Posted on 10 Sep 14 by Neilson
Impact Forecasting, the catastrophe model development center of excellence at Aon Benfield, today releases the latest edition of its monthly Global
Catastrophe Recap report, which reviews the natural disaster perils that occurred worldwide during August 2014. Aon Benfield is the global reinsurance
intermediary and capital advisor of Aon plc.
The report reveals that the strongest earthquake to strike the U.S. San Francisco Bay Area in 25 years was recorded on the morning of August 24, injuring
at least 258 people and causing widespread damage to property, infrastructure, and wineries. Total economic losses from the event were expected to breach
USD2.0 billion, with insured losses likely to be in the hundreds of millions of dollars (USD) due to the low residential earthquake insurance penetration
in Napa County and the locality. Napa County has a residential earthquake insurance penetration rate of 5.3% compared to the average of ~10% seen in
The magnitude-6.0 tremor had an epicenter located 6.0 kilometers (3.7 miles) northwest of American Canyon, California. In the city of Napa alone, at least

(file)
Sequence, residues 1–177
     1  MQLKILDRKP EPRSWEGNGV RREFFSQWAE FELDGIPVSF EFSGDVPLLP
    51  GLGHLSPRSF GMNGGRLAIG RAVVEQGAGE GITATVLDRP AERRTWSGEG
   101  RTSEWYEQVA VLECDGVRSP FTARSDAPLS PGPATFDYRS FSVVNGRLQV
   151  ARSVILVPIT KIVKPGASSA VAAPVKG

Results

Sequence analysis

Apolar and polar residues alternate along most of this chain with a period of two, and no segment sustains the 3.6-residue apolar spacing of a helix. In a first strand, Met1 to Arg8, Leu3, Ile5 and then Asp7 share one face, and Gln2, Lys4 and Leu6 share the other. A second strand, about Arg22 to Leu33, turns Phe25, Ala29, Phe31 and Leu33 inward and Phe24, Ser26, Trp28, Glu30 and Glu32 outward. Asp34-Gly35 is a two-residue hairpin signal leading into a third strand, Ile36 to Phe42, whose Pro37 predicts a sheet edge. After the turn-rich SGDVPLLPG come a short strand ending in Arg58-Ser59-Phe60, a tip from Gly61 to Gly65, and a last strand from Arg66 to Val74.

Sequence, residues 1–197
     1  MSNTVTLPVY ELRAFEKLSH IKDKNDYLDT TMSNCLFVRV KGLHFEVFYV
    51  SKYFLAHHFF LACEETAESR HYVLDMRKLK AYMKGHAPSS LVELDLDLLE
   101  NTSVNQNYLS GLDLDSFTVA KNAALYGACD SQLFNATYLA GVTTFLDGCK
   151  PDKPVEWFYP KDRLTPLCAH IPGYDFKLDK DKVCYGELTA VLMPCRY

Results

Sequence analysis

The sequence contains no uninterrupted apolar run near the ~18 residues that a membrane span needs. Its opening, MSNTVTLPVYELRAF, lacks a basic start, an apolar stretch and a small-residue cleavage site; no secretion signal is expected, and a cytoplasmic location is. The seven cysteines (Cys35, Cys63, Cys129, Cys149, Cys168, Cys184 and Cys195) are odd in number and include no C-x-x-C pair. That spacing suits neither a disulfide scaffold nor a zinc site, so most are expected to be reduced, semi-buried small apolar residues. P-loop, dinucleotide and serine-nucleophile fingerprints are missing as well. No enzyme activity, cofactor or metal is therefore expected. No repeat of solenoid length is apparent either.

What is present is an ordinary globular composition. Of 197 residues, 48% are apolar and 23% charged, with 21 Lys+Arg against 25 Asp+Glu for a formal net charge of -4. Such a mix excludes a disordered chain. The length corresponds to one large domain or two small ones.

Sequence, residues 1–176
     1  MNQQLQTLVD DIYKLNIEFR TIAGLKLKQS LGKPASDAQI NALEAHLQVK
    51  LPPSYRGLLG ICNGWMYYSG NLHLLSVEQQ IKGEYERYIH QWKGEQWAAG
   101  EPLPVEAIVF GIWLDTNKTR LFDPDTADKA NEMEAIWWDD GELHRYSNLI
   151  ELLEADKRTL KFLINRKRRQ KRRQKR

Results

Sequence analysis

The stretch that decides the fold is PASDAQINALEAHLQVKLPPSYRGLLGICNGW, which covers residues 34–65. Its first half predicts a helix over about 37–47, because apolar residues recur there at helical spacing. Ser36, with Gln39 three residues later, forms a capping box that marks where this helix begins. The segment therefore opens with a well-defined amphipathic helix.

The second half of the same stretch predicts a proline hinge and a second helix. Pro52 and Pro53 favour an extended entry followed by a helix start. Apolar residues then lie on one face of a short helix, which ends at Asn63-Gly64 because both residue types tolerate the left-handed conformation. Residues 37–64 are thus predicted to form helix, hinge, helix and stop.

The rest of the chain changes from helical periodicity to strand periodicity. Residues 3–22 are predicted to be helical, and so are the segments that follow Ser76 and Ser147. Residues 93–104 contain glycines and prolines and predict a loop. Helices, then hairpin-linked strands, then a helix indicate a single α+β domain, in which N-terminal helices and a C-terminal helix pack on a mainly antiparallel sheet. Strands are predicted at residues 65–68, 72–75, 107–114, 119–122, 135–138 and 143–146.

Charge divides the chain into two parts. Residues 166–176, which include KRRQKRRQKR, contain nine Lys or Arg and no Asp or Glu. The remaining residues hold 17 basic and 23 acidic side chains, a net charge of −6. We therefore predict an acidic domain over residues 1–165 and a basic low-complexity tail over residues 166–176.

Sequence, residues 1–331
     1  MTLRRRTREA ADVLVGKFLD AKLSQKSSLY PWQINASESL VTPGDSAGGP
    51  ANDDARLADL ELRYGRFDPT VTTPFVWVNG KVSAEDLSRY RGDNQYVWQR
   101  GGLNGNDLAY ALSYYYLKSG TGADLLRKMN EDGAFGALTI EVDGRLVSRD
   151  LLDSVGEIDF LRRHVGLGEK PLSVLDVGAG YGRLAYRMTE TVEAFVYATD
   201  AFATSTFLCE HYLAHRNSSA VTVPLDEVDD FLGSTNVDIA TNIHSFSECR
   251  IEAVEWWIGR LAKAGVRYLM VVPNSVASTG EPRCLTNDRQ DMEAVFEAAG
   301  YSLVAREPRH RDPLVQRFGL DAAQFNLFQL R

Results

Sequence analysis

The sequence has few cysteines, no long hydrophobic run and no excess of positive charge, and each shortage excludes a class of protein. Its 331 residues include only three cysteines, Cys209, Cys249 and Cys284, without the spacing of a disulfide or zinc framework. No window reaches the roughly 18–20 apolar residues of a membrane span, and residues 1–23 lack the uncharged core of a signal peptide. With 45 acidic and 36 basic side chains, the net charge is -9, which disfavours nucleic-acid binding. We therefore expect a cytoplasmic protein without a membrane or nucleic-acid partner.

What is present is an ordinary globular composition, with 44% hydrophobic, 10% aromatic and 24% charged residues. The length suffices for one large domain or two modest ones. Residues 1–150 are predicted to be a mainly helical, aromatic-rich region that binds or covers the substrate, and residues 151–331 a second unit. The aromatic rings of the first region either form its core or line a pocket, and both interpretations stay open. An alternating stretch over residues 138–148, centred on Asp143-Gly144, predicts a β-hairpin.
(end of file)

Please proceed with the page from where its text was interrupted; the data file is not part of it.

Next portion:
1,120 homes and other buildings were structurally damaged.
Meanwhile, a USGS-registered magnitude-6.1 earthquake struck Yunnan Province in southwest China on August 3, killing at least 617 people and injuring more
than 3,143 others. Total economic losses were forecast to be at least CNY38.5 billion (USD6.3 billion), with the heaviest impact sustained near the
epicenter in Ludian County. The Ministry of Civil Affairs (MCA) indicated that more than 25,800 homes collapsed and an additional 200,000 sustained varying
levels of damage.
Earthquake events were also recorded in Peru, Ecuador, Iran, Algeria, and South Africa during August.
Steve Bowen, associate director and meteorologist within Aon Benfield's Impact Forecasting team, said: "Despite the upcoming historical peaks of the
Atlantic and Pacific tropical cyclone seasons, earthquakes were the primary focus during the month of August; especially following the magnitude-6.0 event
in Northern California's Bay Area. Residential earthquake insurance penetration rates have gradually lowered in California during the past two decades from
33 percent in 1996 to roughly 10 percent today, and the August 24 Napa County event serves as a reminder of the unpredictability and costly impacts of the
peril. While not expected to be as costly to insurers as the Northridge event in 1994, and possibly Loma Prieta in 1989, the Napa event proves the need of
consistently analyzing the risks associated with U.S. earthquakes through such avenues as catastrophe modeling."